Problem: We have surveyed 50 males and 100 females and asked them whether they personally wanted to have kids. The choices available to each person were "yes," "no," and "undecided." Listed here are the results of the survey.
Want Kids | Don't Want Kids |
Undecided | Row Totals | |
Males | 20 | 10 | 20 | 50 |
Females | 20 | 20 | 60 | 100 |
Column Totals | 40 | 30 | 80 | 150 |
The first step is to compute the expected cell frequencies for each of the six cells. For each cell, the expected cell frequency is equal to the row total multiplied by the column total and divided by the grand total (the sum of all cells).
Below are the observed data with the expected cell frequencies in parentheses. Note that the expected cell frequencies, when added down the columns or across the rows, must give the same row and column totals of the original data. If they do not, we must have made a mistake in the computations.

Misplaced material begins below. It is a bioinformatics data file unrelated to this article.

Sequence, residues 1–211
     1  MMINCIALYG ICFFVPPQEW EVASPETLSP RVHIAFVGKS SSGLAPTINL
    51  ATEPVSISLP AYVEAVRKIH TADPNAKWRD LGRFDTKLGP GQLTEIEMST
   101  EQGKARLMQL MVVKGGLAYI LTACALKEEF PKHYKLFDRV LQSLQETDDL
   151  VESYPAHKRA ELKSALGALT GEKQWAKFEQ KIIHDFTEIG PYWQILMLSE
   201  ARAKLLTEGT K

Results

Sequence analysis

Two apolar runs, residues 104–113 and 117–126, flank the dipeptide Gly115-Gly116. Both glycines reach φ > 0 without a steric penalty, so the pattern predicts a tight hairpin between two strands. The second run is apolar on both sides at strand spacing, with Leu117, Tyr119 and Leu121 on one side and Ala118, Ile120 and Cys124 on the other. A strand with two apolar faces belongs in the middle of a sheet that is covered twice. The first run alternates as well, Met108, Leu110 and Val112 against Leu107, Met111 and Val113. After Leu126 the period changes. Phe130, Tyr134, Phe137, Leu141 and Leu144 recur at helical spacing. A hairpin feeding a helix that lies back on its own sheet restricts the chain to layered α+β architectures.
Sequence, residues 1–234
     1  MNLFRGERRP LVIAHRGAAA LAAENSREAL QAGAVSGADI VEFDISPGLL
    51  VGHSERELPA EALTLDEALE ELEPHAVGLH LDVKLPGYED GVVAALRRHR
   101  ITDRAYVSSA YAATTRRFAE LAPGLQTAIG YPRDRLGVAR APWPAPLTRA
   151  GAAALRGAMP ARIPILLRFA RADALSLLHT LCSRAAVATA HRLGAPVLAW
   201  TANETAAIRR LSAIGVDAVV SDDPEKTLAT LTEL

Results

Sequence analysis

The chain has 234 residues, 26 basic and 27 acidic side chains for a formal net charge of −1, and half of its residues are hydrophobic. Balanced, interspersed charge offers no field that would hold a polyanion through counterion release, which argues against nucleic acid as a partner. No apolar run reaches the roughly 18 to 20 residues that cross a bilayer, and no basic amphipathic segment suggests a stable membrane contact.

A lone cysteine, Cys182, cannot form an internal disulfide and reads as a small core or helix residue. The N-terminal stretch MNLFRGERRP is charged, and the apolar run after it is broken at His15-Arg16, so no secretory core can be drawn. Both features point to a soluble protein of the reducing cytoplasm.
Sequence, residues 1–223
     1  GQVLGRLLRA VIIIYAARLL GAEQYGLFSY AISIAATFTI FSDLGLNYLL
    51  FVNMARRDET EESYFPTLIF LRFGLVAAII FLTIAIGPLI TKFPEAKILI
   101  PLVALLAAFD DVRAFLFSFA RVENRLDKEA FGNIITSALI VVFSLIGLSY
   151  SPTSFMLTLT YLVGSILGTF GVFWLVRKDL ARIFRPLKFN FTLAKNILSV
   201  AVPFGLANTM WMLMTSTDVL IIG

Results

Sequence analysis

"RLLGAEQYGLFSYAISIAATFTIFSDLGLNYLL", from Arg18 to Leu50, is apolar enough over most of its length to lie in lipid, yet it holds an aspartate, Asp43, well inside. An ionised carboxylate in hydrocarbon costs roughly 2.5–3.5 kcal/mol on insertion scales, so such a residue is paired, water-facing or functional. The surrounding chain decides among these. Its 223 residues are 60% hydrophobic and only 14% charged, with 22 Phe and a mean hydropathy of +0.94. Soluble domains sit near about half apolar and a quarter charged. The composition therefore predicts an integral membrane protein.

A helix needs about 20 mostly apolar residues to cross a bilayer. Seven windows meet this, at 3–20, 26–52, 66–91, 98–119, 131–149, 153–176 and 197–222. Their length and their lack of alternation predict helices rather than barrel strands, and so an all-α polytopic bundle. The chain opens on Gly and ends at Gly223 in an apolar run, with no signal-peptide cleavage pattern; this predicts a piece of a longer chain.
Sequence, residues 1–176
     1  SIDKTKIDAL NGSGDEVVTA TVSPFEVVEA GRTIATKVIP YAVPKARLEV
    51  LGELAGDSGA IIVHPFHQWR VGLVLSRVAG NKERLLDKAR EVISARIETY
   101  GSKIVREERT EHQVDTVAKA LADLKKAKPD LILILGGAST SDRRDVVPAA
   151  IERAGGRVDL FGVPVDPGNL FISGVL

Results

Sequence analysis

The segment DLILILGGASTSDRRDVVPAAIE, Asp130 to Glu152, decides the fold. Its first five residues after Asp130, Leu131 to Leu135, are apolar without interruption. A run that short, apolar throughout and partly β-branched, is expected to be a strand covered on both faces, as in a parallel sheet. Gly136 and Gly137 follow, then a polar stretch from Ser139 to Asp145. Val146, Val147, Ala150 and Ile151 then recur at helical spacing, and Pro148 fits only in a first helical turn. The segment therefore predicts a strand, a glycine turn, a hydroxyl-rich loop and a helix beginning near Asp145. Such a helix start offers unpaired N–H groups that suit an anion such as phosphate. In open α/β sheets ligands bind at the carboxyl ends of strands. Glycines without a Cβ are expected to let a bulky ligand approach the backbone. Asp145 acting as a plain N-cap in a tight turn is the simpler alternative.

Want Kids | Don't Want Kids |
Undecided | Row Totals | |
Males | 20 (13.33) | 10 (10.00) | 20 (26.67) | 50 |
Females | 20 (26.67) | 20 (20.00) | 60 (53.33) | 100 |
Column Totals | 40 | 30 | 80 | 150 |
Compute the value of chi square: Use the following formula to compute the value of chi square.
Compare the computed value of chi-square with the appropriate critical value. Because df = (# of categories - 1)(# of groups - 1) = (3 - 1)(2 - 1) = 2, the critical value of chi square is 5.991 (alpha= 0.05).
Because the computed value of chi-square exceeds the critical value, we conclude that men and women differ in their stated preferences for having children.